When someone mentions ranch, it conjures up images of the West. That is only if you are unfamiliar with Dr. H.B. “Woody” Bartlett ’64.
Dr. Bartlett, owns Bartlett Ranch, comprised of three properties located in Alabama, Texas and Wyoming, totaling almost 90,000 acres. His original Flying “B” Ranch in Pike Road, just east of Montgomery, was established in 1954 and remains the headquarters of his tri-state operation
As a rancher, Dr. Bartlett uses horses to sort, gather and work cattle. As a veterinarian, he understands the relationship of a horse’s form to function, as well as geneti
c concepts about equine breeding and bloodlines.
Dr. Bartlett is old-school, and proud of it, straying from a highly mechanized way of ranching and relying on a purist form, one that comes from his soul. It is with that passion that he generously teaches others, including students at the College of Veterinary Medicine.
Each February, students led by Dr. Reid Hanson, a professor of equine surgery, spend a full day at the Flying “B” Ranch, where they receive hands-on instruction from Dr. Bartlett and Dr. Hanson, castrating weanlings to eventually be sold as ranch horses.
For more than 20 years, students have had the opportunity to learn from Dr. Bartlett and his ranch hands about the industry, a valuable and unique educational experience. “This experience at the ranch puts our students in a real field situation, which represents a much different opportunity from the clinical environment of the teaching hospital,” Hanson says.
It is Dr. Bartlett’s career experiences, love of horses and ranch operation knowledge that he passes along to Auburn veterinary medicine students. And, they love it.
One of Dr. Bartlett’s closest friends, Pat Dye, visited the ranch on the same day Auburn students were working, glad to add his support for Dr. Bartlett’s passion. Theirs is a friendship forged by their love of horses and Au
burn, not long after the legendary coach had retired from the coaching arena.
“This is a wonderful thing he does for Auburn veterinary students,” Dye said. “It’s an opportunity for students to get practical working experience.
“Woody is a genuine person and loves to give back to Auburn. He always does more than his share.”
Dr. Hanson agrees. “What they learn at the teaching hospital is hospital oriented, and what they learn with Woody is practical.”
Dr. Bartlett runs his cattle operation primarily using his own horses. “I think that’s one hallmark of a lasting performance ranch horse producer,” he said. “I mean, what better way to demonstrate your horses are the kind of quality we tout than by using them for multiple tasks on the ranch every day.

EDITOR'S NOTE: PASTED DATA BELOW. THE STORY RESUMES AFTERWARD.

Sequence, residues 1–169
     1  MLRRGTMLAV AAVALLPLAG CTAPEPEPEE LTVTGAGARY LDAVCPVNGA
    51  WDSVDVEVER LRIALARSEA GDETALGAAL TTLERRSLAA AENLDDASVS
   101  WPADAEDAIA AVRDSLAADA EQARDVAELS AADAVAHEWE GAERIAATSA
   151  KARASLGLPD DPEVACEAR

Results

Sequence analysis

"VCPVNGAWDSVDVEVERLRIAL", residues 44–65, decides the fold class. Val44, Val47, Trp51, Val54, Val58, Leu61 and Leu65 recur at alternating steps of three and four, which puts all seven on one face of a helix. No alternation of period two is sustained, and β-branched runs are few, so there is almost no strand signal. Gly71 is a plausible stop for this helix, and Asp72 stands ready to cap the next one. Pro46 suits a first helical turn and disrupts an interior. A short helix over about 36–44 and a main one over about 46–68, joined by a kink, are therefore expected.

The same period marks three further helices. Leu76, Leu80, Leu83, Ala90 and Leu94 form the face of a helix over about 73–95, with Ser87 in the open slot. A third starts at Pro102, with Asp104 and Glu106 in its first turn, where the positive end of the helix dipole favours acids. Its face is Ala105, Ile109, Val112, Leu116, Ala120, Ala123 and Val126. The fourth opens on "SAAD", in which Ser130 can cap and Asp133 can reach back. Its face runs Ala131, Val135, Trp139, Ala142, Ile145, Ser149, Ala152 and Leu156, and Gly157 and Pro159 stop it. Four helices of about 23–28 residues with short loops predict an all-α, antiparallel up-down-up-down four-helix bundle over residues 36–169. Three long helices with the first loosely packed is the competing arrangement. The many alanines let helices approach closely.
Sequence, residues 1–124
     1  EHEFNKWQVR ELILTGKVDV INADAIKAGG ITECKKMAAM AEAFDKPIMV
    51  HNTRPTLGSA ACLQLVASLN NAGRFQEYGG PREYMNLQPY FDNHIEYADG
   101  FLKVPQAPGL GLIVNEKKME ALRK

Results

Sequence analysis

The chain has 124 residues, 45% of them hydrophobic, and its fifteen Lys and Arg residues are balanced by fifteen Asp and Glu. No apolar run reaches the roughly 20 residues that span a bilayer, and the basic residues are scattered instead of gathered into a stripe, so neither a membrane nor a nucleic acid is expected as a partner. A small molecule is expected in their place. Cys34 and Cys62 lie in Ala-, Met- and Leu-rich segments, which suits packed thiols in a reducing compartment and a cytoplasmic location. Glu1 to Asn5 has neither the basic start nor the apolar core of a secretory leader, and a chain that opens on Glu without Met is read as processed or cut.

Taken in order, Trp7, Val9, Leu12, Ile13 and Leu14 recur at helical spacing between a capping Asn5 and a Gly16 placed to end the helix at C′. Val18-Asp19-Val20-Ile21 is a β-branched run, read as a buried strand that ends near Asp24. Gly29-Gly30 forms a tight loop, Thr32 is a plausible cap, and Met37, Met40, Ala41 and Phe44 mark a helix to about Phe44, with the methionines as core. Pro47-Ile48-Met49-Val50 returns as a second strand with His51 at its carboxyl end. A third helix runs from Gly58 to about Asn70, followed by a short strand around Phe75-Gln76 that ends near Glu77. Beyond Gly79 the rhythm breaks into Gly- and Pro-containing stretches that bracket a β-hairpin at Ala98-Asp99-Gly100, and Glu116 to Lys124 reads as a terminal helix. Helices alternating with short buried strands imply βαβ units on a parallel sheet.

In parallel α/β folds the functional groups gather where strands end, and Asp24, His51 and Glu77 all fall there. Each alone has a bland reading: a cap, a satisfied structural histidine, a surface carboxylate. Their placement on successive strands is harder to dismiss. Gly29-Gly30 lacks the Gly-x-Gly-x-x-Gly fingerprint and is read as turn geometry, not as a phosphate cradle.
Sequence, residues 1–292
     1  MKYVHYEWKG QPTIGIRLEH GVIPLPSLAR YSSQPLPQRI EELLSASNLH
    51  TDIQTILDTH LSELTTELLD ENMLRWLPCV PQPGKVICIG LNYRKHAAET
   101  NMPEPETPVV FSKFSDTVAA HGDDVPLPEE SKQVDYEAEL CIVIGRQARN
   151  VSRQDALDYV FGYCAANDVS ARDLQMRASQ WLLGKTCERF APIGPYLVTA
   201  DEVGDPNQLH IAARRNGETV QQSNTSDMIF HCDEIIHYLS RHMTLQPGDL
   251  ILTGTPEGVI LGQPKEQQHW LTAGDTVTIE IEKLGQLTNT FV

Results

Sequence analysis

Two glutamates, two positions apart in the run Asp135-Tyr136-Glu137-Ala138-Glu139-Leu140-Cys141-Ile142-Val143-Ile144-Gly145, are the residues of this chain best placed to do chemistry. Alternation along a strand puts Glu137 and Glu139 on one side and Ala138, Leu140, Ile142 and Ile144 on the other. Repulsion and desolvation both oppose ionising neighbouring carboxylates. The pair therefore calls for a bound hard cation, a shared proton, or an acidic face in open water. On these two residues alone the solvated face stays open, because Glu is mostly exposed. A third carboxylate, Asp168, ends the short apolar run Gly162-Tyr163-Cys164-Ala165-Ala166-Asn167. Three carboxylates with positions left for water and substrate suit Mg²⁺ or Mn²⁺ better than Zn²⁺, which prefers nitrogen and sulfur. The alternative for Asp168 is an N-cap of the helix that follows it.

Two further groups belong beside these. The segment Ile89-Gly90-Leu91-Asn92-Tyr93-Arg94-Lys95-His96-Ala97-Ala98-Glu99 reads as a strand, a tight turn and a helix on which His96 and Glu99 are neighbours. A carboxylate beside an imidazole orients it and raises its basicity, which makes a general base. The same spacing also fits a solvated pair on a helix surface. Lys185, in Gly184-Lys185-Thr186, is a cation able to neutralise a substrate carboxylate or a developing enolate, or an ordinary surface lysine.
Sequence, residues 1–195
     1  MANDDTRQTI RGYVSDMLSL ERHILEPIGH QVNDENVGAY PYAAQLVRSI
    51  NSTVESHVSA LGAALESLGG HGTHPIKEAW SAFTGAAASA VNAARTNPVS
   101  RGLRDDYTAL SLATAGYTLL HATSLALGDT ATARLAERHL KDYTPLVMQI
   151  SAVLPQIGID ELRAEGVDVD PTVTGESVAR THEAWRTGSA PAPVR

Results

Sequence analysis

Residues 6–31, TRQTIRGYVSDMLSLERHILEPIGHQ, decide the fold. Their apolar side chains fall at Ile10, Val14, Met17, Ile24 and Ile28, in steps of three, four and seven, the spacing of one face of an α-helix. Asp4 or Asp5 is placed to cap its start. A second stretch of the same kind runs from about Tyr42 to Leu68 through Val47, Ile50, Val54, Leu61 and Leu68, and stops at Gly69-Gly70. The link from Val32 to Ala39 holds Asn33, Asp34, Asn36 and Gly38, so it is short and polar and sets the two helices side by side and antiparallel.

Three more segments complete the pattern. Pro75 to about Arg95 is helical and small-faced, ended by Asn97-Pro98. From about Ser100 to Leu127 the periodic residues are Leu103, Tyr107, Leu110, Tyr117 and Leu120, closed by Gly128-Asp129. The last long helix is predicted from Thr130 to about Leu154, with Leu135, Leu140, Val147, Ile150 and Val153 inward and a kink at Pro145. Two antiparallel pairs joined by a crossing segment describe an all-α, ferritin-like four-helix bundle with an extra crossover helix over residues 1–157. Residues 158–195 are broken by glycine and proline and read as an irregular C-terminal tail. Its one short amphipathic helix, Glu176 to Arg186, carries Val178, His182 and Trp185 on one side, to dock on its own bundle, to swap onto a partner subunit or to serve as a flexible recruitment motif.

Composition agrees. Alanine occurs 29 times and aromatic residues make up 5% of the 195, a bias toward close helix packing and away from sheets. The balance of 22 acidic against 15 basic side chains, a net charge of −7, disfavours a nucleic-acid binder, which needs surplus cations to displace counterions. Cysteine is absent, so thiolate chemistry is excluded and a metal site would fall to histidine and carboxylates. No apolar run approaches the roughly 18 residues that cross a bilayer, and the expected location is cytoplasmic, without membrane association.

“Likewise, the cutting horses we produce are trained for today’s competitors and as working cow-horses.”
Dr. Bartlett’s vision of producing top-quality American Quarter Horses was born out of several influences, not the least of which was his father, a physician who supplied his hospital with fresh meat and produce from his farm. The elder Dr. Bartlett wanted his son to follow in his footsteps as a human doctor, but the son persisted in his desire to become a veterinarian with a talent for recognizing and breeding performance quarter horses that are both versatile and consistent.
The cattle production has remained a component of ranch operations, but Dr. Bartlett’s passion for breeding American Quarter Horses has remained the focus throughout the years. The Alabama ranch typically breeds around 80 mares annually through a combination of artificial insemination and pasture breeding.
He continues to refine the ranch’s horse breeding with an eye toward ranch horses and premier cutting horses, from the start working to raise well-bred, eye-appealing horses.
As a result, Bartlett Ranch Wyoming runs about 3,000 head, mostly steers, purchasing 2,000 to 2,500 each fall that spend the winter with home-raised cattle. He grazes them through the summer before sending them to feedlots.
“I’ve gradually worked into a cow herd, and run 850 to 1,000 cows now, all blacks and all Angus bulls,” Dr. Bartlett says. “And we’re raising some roping steers on a few Longhorn cows.” The Longhorn cattle add another facet that complements the ranch’s horse program, providing an avenue for horses to develop into solid rope horses. And that, in turn, serves the cattle program.